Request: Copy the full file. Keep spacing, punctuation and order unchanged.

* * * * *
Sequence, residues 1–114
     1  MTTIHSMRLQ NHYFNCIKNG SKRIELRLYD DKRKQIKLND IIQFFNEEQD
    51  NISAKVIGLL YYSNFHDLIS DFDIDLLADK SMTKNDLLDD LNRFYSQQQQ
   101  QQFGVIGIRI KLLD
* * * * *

Sequence, residues 1–114
     1  MTTIHSMRLQ NHYFNCIKNG SKRIELRLYD DKRKQIKLND IIQFFNEEQD
    51  NISAKVIGLL YYSNFHDLIS DFDIDLLADK SMTKNDLLDD LNRFYSQQQQ
   101  QQFGVIGIRI KLLD